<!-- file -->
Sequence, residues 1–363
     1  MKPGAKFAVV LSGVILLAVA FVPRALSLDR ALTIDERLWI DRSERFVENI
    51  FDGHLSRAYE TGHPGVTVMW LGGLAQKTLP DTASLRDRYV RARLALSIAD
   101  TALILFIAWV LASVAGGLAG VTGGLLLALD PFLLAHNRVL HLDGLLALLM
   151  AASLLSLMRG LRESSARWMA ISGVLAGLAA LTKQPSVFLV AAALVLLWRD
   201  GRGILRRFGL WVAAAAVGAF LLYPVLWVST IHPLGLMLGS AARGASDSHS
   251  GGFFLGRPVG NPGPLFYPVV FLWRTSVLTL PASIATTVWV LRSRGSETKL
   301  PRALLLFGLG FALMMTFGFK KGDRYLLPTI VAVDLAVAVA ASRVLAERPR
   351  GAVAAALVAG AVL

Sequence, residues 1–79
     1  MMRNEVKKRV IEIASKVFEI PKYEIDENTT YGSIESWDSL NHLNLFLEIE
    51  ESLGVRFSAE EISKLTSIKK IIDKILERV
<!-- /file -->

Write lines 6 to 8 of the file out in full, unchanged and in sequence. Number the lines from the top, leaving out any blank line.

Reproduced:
   201  GRGILRRFGL WVAAAAVGAF LLYPVLWVST IHPLGLMLGS AARGASDSHS
   251  GGFFLGRPVG NPGPLFYPVV FLWRTSVLTL PASIATTVWV LRSRGSETKL
   301  PRALLLFGLG FALMMTFGFK KGDRYLLPTI VAVDLAVAVA ASRVLAERPR